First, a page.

“It is not your paintings I like, it is your painting.” Albert Camus
There were no art classes in the school where I grew up. Once, a lady came to town and offered classes open to those who could pay for them. I watched and listened when students came back from those classes. I remember hearing that they had 60 seconds to draw figures without lifting a pencil. It sounded exciting.
Being resourceful is a side-effect of growing up in a small town. Two key factors allow creativity–time to think and limited supplies. When opportunities are limited, people become creative using what they have to make what they need. This was my situation.
Not having an art class might seem sad to those who had them, but for us, it was normal. Resources were limited, and essentials were emphasized. Yet, as I’ve gotten older, I can see the benefits of a brain that aches to create without a formal instructor. Just as I ran home and tried to draw without lifting my pencil, I can see that experimentation improves creativity.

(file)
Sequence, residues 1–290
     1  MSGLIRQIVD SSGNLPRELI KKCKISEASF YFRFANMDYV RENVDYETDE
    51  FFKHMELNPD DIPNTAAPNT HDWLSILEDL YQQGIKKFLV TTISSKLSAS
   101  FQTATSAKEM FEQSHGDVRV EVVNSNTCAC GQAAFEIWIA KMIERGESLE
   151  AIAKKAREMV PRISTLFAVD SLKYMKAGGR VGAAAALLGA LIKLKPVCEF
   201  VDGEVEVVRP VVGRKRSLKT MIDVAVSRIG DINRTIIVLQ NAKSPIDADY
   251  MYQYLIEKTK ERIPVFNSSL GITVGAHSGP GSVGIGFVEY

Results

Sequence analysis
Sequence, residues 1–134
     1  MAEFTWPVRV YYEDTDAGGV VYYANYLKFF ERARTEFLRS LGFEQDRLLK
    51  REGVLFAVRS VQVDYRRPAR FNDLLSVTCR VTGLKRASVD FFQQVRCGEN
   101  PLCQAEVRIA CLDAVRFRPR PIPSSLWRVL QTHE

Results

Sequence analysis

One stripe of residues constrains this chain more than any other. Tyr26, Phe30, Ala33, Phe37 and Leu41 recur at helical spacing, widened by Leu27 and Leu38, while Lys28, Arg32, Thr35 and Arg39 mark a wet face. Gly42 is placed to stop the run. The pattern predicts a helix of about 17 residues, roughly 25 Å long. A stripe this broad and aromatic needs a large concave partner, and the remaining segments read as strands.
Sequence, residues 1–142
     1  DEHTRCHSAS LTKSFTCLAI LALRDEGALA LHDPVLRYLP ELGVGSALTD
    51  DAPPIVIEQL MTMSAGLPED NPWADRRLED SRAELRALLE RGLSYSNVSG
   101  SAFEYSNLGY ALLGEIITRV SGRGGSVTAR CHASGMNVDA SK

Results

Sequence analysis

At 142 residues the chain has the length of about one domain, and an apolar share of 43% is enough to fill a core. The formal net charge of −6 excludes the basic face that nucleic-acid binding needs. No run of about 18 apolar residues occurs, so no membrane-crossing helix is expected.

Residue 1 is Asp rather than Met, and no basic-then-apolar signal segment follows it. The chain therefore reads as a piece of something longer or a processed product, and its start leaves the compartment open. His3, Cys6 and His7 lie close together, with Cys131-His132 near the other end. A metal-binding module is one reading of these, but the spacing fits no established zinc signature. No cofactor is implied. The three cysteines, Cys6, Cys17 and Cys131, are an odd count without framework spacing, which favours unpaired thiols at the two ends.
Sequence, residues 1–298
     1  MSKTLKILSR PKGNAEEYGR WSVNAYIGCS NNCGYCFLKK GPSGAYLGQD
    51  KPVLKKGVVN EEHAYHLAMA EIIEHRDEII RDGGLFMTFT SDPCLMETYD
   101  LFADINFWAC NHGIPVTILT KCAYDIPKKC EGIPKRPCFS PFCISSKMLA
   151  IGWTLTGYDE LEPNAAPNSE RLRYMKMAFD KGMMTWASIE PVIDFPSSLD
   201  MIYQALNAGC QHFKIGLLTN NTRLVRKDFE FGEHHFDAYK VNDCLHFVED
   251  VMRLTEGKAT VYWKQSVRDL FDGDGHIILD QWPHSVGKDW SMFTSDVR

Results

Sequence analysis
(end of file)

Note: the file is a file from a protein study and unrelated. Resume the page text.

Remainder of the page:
There are times to experiment for our own growth and not for others. The process is the important thing and not the product. Yet, we often find that products improve because we play with resources.
My problem is getting started. Because I’ve never learned to paint, my mind thinks that I’ve got to come up with a masterpiece in order to dirty the canvas. That’s not how children go about it, though. Their creative side flows easily. I don’t think that most of them have any idea what they’re going to paint when they pick up the brush, but still they do it.
So, I have a dilemma. A brush, paper, and paints have been sitting in front of me for days. How will I start? I’m open to suggestions.